Corbyn tried to bully me through my dad, claims Labour MP
Jeremy Corbyn has been accused of planning to telephone the father of one of his own frontbenchers in an attempt to make him fall into line.
The extraordinary claim was made by Conor McGinn, a Labour whip, who said that Mr Corbyn had considered the move as a way of punishing him after he was critical about the leader.
Mr McGinn said he was speaking out after he said he could “no longer tolerate the hypocrisy” of Mr Corbyn advocating a “kinder, gentler politics”.
It comes with Mr Corbyn planning to launch his leadership campaign tomorrow, after he was challenged by the former shadow work and pensions secretary Owen Smith.
Mr McGinn suggested that Mr Corbyn may have considered calling his father Pat because he was a former Sinn Fein councillor and thought they may “share a political affinity”. He said that the threat arose after he had been critical of Mr Corbyn in an interview.
“It transpired that Jeremy, in deliberations about how to respond to my interview, had said that he intended to ring my father to discuss it with him and ask him to speak to me about it,” he said in a statement.
“The leader of the Labour Party was proposing to address an issue with one of his own MPs by ringing his dad.
“Jeremy does not know my father so I can only presume that, because of the much-publicised fact that my father was a Sinn Fein councillor, Jeremy felt that they would share a political affinity and was proposing to use that to ask my father to apply pressure on me.
“Thankfully, others dissuaded Jeremy from taking this course of action. The call was not made, and it would not have been well-received.”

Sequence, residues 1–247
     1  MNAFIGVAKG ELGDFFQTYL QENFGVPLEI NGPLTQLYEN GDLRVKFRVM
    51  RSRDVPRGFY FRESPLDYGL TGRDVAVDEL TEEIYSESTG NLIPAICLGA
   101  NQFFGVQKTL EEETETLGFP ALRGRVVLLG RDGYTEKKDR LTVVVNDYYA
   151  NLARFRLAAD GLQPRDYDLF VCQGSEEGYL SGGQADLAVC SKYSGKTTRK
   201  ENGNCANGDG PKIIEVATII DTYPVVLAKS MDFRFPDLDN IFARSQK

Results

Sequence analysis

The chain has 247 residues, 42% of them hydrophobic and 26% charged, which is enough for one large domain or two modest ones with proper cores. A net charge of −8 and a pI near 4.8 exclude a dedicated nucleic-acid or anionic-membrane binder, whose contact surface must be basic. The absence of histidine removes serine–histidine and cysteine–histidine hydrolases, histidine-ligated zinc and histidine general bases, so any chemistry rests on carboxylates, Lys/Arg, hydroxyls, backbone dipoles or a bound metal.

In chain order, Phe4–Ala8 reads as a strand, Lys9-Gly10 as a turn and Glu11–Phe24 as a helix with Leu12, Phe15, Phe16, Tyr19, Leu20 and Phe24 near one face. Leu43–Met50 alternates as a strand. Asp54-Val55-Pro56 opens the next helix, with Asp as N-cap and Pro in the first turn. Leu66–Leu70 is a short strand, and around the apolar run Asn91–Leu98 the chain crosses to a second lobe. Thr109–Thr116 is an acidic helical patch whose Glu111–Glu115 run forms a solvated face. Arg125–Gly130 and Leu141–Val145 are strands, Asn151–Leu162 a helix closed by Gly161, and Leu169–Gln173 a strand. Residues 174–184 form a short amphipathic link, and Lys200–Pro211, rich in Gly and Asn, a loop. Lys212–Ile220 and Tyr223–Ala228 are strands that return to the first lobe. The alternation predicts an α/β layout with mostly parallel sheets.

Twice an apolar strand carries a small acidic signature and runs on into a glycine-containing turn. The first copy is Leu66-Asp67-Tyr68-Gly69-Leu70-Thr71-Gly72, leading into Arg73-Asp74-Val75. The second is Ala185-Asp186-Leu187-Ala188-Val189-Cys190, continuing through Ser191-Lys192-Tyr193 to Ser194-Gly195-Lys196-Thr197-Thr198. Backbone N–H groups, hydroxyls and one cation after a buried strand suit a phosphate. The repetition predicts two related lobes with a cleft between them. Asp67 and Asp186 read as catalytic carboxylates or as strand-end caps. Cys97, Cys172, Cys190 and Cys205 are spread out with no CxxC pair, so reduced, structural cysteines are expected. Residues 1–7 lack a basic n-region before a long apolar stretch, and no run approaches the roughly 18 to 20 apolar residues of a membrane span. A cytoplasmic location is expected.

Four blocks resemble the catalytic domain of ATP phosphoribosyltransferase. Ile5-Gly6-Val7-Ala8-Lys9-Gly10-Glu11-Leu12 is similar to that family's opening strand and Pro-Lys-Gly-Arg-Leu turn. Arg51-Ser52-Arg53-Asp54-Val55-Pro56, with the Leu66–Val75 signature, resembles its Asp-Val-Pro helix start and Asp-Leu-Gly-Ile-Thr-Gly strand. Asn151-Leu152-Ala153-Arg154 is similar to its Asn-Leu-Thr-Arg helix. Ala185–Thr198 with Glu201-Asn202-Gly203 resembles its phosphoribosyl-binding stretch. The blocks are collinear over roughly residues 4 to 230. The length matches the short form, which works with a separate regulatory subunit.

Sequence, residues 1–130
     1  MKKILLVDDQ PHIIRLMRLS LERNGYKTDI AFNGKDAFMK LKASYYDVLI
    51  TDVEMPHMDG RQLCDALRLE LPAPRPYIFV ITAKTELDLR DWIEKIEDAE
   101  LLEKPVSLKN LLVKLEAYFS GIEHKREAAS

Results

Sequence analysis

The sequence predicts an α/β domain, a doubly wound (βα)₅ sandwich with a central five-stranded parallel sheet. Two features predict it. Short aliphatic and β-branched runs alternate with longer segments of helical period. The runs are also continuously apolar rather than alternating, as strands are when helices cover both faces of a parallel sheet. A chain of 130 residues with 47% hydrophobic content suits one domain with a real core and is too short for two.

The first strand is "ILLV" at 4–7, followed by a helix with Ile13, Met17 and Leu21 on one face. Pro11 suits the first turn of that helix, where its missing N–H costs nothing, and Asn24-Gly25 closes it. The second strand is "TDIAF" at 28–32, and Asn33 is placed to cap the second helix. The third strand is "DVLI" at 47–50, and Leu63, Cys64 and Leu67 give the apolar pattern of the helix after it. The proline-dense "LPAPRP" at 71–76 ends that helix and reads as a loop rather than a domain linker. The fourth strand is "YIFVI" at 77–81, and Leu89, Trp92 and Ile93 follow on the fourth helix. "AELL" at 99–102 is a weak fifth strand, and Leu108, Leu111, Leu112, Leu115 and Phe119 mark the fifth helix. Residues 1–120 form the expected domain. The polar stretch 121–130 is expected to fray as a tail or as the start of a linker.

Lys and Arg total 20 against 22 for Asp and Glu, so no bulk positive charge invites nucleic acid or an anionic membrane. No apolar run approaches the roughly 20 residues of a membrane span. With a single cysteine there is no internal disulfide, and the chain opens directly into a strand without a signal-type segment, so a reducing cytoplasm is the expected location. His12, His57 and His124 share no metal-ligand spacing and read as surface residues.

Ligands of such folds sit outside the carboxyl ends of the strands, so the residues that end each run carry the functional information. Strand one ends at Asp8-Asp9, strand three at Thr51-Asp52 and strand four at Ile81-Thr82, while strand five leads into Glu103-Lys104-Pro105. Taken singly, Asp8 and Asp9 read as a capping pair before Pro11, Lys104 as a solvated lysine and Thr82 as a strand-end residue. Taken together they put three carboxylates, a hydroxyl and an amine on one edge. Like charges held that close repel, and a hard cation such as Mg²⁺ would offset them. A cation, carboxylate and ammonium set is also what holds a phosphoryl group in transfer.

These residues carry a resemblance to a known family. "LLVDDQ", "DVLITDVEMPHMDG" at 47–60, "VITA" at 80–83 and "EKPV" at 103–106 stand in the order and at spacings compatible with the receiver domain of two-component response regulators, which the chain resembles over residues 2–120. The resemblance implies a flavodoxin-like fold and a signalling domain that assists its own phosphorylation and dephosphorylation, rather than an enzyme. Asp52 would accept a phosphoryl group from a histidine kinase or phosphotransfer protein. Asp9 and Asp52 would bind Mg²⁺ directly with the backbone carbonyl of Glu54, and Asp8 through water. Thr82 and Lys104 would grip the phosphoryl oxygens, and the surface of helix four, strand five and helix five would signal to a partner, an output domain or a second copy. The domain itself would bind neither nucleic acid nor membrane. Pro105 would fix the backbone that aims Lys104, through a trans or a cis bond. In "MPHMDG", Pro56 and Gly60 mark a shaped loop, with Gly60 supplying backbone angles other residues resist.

The claim was denied by Mr Corbyn’s office. However, it comes with Mr Corbyn also facing other claims of creating a hostile atmosphere for MPs, who are coming under increasing pressure from hard-left activists backing the leader.
Harriet Harman, former acting Labour leader, also said that Mr Corbyn had driven a wedge between MPs and party members by suggesting that all MPs would face reselection.
Angela Eagle, the former shadow business secretary, criticised Mr Corbyn for “stirring” hostility in the party after she was forced to cancel constituency surgeries on police advice. She had come under pressure from her local party after launching a leadership challenge against Mr Corbyn that she later abandoned.
Mr McGinn said he and other MPs had faced a “torrent of abuse and threats” from supporters of Mr Corbyn.
“In my constituency, a group of people gained access to my shared office building under false pretences and filmed themselves protesting outside the door of my office in an incident that has been reported to the police,” he said.
“They threatened to disrupt my surgeries and events I was attending, requiring me to have a police presence at those last weekend.”
Mr Corbyn said this morning that he was “disappointed” by the claims. “I don’t do any abuse, I don’t do any bullying,” he told Sky News.
“I wish some of my colleagues would concentrate on political issues. I regret the language that’s been used, by all of them,” he said.
“I don’t do any abuse, I don’t do any bullying, I don’t allow it to be done anywhere to do with any of my campaign teams and I’m very surprised and very disappointed they should say that because politics has to be about bringing people in.
“I think we have done that spectacularly well – we now have the largest membership we’ve ever had. That’s good, that means more and more people are involved in politics.
“That’s good, it’s not a threat, it’s a good thing that people come together and want to debate and be active in politics in our society. Isn’t that good for democracy?”